PÉTER SZIJJÁRTÓ, Minister for Foreign Affairs and Trade of Hungary, said that world order had been changed by three factors: the spread of terrorist organizations, the destabilization of key and vulnerable regions of the world and the movement and displacement of some 65 million people. He called for the elimination of global terrorism and said that until then there would be no stability in the Middle East, Christian communities would continue to be threatened and the migratory pressure on Europe would continue. “We have to destroy the business models” of human traffickers which had caused the death of thousands,” he continued. It was important to change migratory policies to inspire people not to violate borders and move to countries thousands of miles away. “Instead of emotional debates, we need debates based on common sense,” and instead of accusing and bashing each other, world leaders must stand on the stability of international law. The right to a safe life was a fundamental human right but choosing a State where one wants to live was not a fundamental human right. There would be no excuse to violate borders of safe and secure countries.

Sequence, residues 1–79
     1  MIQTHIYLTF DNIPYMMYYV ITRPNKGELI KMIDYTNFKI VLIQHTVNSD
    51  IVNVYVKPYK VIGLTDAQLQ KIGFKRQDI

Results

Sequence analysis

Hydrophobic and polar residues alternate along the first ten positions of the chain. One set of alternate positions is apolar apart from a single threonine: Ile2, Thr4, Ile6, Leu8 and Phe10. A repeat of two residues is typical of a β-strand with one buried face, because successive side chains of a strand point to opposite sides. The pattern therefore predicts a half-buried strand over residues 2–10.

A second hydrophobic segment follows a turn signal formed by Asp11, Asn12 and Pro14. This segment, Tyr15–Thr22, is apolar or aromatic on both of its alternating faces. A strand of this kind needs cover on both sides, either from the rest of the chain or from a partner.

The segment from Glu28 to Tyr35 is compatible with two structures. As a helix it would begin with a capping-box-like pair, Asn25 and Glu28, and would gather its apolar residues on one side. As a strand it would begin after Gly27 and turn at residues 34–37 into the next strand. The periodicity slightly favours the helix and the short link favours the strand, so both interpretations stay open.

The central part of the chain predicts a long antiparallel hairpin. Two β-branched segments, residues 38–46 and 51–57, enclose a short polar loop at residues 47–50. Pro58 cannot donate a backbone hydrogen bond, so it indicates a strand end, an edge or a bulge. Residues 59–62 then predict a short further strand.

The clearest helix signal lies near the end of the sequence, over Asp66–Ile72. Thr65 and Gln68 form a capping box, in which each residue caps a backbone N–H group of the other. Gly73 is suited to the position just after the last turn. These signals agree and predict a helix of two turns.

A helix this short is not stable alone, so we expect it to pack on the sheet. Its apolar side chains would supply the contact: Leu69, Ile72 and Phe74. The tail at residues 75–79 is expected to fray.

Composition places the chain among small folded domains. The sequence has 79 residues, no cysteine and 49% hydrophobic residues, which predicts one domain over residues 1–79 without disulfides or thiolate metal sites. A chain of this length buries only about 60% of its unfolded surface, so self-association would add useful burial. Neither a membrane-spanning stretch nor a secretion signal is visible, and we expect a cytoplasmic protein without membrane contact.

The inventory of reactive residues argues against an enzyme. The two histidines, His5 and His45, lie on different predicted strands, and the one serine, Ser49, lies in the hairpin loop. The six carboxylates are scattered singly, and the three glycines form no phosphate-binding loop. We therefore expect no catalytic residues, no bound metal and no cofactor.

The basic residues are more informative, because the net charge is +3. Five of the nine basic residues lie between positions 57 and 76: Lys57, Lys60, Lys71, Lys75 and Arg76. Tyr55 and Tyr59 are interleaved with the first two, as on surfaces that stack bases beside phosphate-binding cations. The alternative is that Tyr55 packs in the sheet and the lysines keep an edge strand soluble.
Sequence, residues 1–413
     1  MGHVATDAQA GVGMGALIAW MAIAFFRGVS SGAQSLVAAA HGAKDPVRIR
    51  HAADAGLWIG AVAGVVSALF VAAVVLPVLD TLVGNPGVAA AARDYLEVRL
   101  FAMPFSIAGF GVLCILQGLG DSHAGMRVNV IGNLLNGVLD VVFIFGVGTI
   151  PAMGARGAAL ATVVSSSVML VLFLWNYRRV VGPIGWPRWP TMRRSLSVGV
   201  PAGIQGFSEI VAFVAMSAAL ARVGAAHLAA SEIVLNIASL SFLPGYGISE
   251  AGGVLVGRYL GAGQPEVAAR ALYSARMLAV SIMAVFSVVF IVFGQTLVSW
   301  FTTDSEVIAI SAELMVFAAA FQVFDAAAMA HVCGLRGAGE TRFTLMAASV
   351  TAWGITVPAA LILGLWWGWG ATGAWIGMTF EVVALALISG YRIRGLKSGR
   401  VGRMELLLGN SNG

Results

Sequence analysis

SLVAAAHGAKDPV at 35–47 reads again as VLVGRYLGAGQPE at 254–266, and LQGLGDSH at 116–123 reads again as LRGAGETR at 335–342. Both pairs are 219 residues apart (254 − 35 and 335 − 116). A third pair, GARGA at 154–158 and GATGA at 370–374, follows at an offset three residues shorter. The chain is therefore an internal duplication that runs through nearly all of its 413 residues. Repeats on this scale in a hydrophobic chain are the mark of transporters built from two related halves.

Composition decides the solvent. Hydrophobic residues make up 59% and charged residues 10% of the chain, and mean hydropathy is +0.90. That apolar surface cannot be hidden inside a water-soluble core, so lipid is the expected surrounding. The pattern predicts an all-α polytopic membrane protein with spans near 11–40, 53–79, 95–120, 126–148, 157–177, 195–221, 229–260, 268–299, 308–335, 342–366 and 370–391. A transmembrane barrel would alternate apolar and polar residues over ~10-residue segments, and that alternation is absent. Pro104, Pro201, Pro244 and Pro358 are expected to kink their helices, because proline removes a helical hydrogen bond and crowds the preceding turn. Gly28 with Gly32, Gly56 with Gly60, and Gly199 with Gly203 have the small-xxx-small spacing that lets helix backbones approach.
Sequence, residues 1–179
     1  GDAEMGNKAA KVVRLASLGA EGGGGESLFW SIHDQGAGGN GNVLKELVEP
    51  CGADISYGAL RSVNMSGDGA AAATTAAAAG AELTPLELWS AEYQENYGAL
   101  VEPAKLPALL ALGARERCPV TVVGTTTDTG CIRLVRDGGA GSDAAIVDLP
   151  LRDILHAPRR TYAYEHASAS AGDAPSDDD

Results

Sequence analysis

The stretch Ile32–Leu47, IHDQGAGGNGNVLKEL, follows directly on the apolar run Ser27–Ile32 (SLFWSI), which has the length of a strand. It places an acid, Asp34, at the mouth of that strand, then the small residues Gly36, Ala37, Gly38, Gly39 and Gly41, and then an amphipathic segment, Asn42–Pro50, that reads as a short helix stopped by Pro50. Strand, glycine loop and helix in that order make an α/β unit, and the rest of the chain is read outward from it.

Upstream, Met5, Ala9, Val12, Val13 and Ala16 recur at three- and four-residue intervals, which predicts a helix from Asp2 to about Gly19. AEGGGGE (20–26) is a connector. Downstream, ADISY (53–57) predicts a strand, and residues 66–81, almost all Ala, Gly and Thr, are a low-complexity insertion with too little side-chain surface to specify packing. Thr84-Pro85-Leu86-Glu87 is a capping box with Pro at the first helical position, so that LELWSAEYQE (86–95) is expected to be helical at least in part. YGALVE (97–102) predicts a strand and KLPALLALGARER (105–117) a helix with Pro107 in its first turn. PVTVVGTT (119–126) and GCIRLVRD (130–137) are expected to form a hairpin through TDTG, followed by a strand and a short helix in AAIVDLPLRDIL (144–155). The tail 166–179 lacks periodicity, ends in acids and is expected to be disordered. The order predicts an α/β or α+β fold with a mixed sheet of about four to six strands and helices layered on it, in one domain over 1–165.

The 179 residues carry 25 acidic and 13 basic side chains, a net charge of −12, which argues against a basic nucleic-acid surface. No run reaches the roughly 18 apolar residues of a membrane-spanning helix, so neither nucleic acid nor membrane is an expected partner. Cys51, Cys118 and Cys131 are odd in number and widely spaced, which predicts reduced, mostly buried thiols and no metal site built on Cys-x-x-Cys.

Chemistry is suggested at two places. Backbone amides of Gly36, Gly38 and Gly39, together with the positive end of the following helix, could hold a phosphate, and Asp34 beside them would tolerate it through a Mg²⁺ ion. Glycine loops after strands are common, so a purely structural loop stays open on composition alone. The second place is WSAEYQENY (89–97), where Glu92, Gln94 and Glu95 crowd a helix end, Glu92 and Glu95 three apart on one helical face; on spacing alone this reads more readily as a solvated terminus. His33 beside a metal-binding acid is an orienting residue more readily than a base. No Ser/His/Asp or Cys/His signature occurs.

Hungary was among 23 countries that had sent troops to fight ISIL, he continued. There were 143 Hungarian men and women serving in Iraq, and his country had sent ammunition to the Peshmerga and soon would begin carrying out training of the Iraqi army. His Government had established an office on the persecution of Christians to address threats that group faced and to ensure that criminal acts were punished. Furthermore, the Parliament had established strict regulations against human traffickers. “Hungary put security of Hungarian people to first place and we will not allow mass violations of our borders,” he said. Migratory policies that considered all migrants refugees had failed. Migratory policies that had taken in thousands against the wishes of their own people had failed. Uncontrolled and unregulated migratory patterns were a threat to peace and security. “We have to help people to stay as close to their homes as possible so that they can return to their homes as soon as possible,” he said, stressing the need to help Lebanon, Turkey, and Jordan in dealing with millions of people they had taken in. “Europe would not be able to take such a challenge,” he added. It was also important to link development programmes to conditionality so that Governments were responsible in not creating the conditions for their people to leave their homes. Central Europe faced many challenges and a Secretary-General from the region would help it to overcome its historic challenges.